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How are these in regards to access from standard gas station air nozzles? Seems that 75°-90° valves would be better than straight valves on the LT rims.
Quite easy. I use the same type of chuck in my workshop. https://www.amazon.com/Milton-S-690...huck+tire+inflator&qid=1661118875&sr=8-6&th=1

Just bring it in at a slight angle to the wheel between the brake disk and the wheel and it works fine. The rear is even easier as the brake disk isn’t in the way, but the muffler is a little, but still no problem.
 
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I have metal 90's on my LT but I have them at about a 45 degree angle to the rim. It depends on how tall the ones you get are if they would stick up far enough to hit the calipers if you rotated them all the way out to the side. I think my rear was OK but the front was not so I keep them more towards the center of the rim and not pointed out to the side. They are great and no leaks. Yes, with the ones I used, I had to grind down the center bead a bit to get the washer to sit flat.
 
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Discussion Starter · #14 ·
Quite easy. I use the same type of chuck in my workshop. https://www.amazon.com/Milton-S-690-FNPT-Dual-Chuck/dp/B0002SQYT6/ref=sr_1_6?keywords=air+chuck+tire+inflator&qid=1661118875&sr=8-6&th=1

Just bring it in at a slight angle to the wheel between the brake disk and the wheel and it works fine. The rear is even easier as the brake disk isn’t in the way, but the muffler is a little, but still no problem.
Exactly! That is what I use at my home shop. Thanks for sharing!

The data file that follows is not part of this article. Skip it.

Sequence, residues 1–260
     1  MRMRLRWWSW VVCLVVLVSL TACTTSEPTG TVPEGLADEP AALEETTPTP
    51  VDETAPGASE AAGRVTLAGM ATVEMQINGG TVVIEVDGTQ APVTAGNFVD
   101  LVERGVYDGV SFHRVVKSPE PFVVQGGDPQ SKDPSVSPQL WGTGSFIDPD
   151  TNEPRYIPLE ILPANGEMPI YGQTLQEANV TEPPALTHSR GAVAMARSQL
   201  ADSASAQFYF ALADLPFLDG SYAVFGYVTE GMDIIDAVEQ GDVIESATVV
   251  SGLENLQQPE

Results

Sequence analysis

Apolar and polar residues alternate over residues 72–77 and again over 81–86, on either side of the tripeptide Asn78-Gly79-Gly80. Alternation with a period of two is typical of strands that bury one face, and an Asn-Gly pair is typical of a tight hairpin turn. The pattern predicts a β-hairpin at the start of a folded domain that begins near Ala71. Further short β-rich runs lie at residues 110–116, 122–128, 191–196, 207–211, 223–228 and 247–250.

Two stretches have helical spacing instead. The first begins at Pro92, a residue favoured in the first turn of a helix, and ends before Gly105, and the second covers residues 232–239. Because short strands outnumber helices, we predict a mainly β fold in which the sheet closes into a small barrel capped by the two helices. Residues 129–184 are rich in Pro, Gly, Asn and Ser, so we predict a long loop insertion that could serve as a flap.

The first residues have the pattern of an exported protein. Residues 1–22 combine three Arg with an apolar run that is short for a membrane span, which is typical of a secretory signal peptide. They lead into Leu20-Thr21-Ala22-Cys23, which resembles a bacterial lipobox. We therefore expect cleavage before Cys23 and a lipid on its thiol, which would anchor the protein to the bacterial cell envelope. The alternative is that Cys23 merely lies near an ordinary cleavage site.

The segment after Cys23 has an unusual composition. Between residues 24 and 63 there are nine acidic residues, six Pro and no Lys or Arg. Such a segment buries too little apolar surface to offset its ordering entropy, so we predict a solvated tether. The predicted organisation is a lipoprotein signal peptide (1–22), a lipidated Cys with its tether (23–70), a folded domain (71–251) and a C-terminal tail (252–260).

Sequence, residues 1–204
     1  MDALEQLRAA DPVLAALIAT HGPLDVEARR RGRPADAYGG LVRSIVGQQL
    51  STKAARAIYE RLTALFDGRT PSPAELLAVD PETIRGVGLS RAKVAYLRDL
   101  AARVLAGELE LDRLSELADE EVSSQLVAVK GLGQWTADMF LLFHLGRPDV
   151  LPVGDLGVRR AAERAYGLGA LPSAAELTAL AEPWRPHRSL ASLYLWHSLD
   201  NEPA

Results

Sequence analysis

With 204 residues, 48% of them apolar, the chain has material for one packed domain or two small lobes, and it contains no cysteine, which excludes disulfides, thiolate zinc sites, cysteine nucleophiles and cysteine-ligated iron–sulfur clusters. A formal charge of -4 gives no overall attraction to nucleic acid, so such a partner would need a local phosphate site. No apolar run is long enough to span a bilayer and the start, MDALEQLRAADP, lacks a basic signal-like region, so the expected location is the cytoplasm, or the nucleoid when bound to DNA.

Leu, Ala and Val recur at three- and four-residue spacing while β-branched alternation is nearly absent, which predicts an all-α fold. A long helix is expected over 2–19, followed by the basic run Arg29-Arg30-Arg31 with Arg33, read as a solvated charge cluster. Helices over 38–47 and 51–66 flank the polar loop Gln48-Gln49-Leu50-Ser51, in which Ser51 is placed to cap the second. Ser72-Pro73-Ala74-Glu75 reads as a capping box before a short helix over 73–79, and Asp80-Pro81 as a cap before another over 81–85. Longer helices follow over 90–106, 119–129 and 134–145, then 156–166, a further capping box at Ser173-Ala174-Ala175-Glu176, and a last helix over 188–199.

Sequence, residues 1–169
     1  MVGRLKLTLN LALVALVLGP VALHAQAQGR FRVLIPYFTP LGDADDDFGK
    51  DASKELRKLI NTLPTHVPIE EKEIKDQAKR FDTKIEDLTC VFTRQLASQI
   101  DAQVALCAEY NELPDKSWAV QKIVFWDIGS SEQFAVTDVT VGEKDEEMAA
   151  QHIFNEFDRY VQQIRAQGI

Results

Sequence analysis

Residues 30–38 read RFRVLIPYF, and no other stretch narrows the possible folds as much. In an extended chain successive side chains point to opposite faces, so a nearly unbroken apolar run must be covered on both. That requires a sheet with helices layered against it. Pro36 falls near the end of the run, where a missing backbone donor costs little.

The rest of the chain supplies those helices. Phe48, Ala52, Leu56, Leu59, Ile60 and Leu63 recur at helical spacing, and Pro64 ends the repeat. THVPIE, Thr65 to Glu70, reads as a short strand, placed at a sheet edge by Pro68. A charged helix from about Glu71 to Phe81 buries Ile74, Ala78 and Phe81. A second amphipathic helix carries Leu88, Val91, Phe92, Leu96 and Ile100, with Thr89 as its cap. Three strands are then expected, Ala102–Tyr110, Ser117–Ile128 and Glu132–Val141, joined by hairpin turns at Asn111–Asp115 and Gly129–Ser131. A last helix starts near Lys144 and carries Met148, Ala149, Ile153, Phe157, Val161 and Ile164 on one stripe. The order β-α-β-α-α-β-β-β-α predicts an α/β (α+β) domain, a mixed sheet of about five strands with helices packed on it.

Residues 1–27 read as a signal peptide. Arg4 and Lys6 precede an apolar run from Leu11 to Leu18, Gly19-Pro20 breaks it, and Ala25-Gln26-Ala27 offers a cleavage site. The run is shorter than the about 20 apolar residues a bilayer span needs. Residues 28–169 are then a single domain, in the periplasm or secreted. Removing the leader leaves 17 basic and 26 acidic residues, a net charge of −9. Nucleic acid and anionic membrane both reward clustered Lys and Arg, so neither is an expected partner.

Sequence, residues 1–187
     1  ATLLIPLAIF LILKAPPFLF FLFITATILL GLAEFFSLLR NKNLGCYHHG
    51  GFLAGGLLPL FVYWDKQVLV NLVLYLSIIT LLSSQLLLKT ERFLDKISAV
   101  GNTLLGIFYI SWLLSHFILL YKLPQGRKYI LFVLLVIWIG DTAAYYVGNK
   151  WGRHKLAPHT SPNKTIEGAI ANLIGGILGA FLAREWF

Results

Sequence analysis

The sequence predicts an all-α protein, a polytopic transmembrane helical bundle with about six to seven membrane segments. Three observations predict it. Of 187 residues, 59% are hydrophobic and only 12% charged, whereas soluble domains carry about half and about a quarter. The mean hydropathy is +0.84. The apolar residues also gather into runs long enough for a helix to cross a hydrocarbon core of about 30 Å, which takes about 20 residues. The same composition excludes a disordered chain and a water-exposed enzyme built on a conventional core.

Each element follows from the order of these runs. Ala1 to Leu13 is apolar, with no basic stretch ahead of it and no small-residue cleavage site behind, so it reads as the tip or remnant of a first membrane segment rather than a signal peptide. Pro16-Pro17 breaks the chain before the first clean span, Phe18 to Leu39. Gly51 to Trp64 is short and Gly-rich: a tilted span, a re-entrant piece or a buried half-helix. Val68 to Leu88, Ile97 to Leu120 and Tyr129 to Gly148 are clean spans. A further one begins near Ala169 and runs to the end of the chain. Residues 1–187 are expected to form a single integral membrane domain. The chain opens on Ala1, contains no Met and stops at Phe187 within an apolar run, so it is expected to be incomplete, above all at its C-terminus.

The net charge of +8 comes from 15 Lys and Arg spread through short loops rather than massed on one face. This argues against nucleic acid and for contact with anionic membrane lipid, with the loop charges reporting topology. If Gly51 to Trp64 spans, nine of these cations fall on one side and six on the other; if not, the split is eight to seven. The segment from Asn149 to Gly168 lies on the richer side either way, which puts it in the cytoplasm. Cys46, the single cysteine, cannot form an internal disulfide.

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Discussion Starter · #15 ·
I have metal 90's on my LT but I have them at about a 45 degree angle to the rim. It depends on how tall the ones you get are if they would stick up far enough to hit the calipers if you rotated them all the way out to the side. I think my rear was OK but the front was not so I keep them more towards the center of the rim and not pointed out to the side. They are great and no leaks. Yes, with the ones I used, I had to grind down the center bead a bit to get the washer to sit flat.
Thanks for sharing, Gordon.
I thought about going with the angle stems, but I have not had any problems with the short straight stems.
 

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On the rear no issue, on the front I have to feed my hand through the disc to get the cap off and I use a talking air pressure gage because I cannot see the readout. No problem with standard air chucks and on the road I have onboard air with a locking chuck.

Looks like this one:

Tool Machine Auto part Circle Pipe
 
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I have an old gauge that I am not sure is available anymore. It has a head angled 90 degrees with a fairly long neck. Works great on motorcycles with short straight stems.